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Fighting grade inflation, real or imagined: Latin honors changes a short fix

Published: November 18, 2011
Section: Front Page

Students will never be particularly angry about grade inflation, but it creates contention between faculty and staff, who argue about the solutions, culprits and the question of its existence.

Last April, Brandeis considered changing the Latin honors system to a percentage-based system, which would rank cum laudes by top 5, 10 or 15 percent. The change would significantly decrease the number of recipients­­—currently about 50 percent—temporarily but, according to Mark Hewitt, the university registrar, “it would only push the problem further down the road.”

A change in the reward system would not solve grade inflation, only mask its symptoms, he said. “Ten years down the road,” Hewitt said, “we’d likely have the same problem.”

There would be short-term issues, as well. Students would be less able to track their own accomplishments. “The problem with a percentage-based system is that it is essentially arbitrary. A student’s not going to know from year to year what exact level of GPA is going to get you which level of honors,” Hewitt said.

Some faculty members are more concerned about grade inflation.

Professor Thomas Doherty (AMST) suggested two solutions for grade inflation: “First, get rid of pass-fail,” he said, explaining how students often manipulate the pass-fail system to their advantage and use it to raise their GPA rather than for its intended use.

“It was created so that a science major could take a poetry class or the poetry major could take a science, but we all know that students cover bad grades so they can keep their GPA high.”

He also warned of misuse in the course evaluation system for untenured professors. “Course evaluations are taken into account when awarding tenure and, a lot of the time, better grades mean better evaluations.” He fears that professors, in seeking tenure, dole out higher grades in an attempt to court the goodwill of their students.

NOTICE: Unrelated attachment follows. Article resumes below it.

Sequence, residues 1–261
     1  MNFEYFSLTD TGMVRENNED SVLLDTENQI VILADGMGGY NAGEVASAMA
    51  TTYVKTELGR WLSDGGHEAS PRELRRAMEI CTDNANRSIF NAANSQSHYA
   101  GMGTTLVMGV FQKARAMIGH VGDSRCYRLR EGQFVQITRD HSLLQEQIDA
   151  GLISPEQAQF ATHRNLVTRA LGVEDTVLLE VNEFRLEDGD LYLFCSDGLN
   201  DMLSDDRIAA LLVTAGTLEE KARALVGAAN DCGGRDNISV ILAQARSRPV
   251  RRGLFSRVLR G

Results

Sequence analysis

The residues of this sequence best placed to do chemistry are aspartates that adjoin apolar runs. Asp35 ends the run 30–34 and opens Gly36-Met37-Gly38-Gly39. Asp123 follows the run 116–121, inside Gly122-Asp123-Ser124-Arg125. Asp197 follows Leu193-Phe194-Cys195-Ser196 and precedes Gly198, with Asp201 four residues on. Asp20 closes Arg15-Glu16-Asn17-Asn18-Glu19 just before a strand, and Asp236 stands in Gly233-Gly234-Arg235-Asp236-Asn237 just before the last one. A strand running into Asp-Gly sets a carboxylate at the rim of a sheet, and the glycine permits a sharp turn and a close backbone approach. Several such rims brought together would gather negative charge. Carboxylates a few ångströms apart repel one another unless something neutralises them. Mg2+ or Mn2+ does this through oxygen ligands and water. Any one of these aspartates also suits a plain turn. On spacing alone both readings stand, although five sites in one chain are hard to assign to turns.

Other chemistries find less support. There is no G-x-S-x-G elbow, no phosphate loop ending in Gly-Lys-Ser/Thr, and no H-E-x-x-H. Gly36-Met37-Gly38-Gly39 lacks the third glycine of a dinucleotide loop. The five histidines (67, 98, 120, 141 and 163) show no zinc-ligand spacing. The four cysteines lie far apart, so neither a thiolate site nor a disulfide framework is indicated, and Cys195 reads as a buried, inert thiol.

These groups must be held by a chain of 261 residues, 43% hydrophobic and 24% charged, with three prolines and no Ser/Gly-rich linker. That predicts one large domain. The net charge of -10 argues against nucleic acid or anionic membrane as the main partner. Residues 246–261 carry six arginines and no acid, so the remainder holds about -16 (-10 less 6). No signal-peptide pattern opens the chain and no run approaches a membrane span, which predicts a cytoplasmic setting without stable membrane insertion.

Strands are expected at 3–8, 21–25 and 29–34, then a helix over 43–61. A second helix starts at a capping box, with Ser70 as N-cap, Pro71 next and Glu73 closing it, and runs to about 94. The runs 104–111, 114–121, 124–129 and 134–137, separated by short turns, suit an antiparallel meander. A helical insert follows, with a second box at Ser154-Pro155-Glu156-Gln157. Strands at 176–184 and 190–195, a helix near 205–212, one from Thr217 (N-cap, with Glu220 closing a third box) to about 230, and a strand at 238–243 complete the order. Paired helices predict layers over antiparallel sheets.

Hewitt disagreed, explaining that he is not convinced that higher grades are necessarily a result of grade inflation. “If we do our job really well, there’s no reason everybody in the class can’t get an A. Are we testing the knowledge someone has received, or some artificial distribution with 10 percent who are elite and 10 percent who are not?”

A required grading system, whether a bell curve or straight scale, was met with universal chagrin.

“Every professor is captain of their own ship,” Doherty contended, “What a teacher tries to do is clearly state their standards and apply them equitably. And students demand that.”

Hewitt felt similarly and emphasized the importance of acquiring knowledge rather than a grade.

The changes in teaching methods in the last 30 years has also changed the way professors grade, he said. Professors take more into account than is evident, especially in the case of experiential learning, which Brandeis has taken steps to expand in the past two years.

While the proposed changes to the Latin honors system have been shelved in favor of the administration’s strategic plan to balance the university’s finances, the debate is not going away.

A national problem, grade inflation has compelled a few highly selective schools, including Princeton, to get rid of Latin honors completely. Hewitt assured that a lack of cum laude would not negatively affect the value of a Brandeis degree.